The ship has a tiny spa, in a converted cabin, offering surprisingly adventurous treatments; a display in the reception promised massages using chocolate or honey products, for example. A 50-minute massage costs 60.
The ship carries a fleet of bicycles which are lined up in port for individual use; on one occasion, a guided bike tour was offered and was quickly over-subscribed, so more bikes were quickly hauled in from a local rental shop. There are Nordic poles, too, for keen walkers.
There is no pool or whirlpool on River Ambassador.
There are no special facilities for kids but families are welcome; our cruise was, in fact, designated a family special, with separate family excursions, a kids' menu and a Wii room, but River Ambassador won't necessarily be the ship allocated for these itineraries in future. Although the family departures were new when we sailed, the crew coped brilliantly, interacting with the kids, the galley laying on special menus and the cruise manager even conducting a behind the scenes' tour, with no adults allowed. For multi-generational families, or those seeking a cultural experience geared to all ages, these departures are highly recommended.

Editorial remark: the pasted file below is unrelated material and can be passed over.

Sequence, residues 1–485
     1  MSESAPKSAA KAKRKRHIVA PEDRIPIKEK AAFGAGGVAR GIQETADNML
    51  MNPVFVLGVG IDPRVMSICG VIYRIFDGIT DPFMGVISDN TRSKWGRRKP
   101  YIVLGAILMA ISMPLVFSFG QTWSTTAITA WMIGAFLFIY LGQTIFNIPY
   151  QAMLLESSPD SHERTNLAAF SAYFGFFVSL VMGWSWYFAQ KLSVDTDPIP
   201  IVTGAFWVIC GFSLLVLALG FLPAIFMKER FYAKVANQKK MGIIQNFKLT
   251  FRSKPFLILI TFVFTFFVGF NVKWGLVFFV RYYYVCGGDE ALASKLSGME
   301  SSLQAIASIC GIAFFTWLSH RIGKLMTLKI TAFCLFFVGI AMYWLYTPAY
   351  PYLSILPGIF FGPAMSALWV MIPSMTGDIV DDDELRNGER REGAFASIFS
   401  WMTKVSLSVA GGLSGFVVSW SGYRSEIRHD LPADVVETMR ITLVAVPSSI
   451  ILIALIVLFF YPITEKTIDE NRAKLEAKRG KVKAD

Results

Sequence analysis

But kids who need a lot of entertainment and can't sit still through dinner might be better suited to a cruise on a large, ocean-going ship.
Passengers are mainly North American with a handful of Brits and Antipodeans. Most were well-travelled and many had never cruised but were regulars on the escorted tour circuit. Uniworld does a couple of family-friendly cruises every year and I was on one of these, so there were a lot of families on board.
Dress code is country club casual. During the day, that meant casual trousers and skirts; shorts were fine for sunning on the top deck. At night, men wore polos and jackets; for women summery dresses or trousers and smart top. There's one night hosted by the Captain, during which some men wore ties.
All meals take place in the Restaurant, forward on Moselle deck. It's an elegant room, all done in white and flooded with light. All meals are open seating, although people tended to head for the same places every evening. Breakfast and lunch are buffet-style.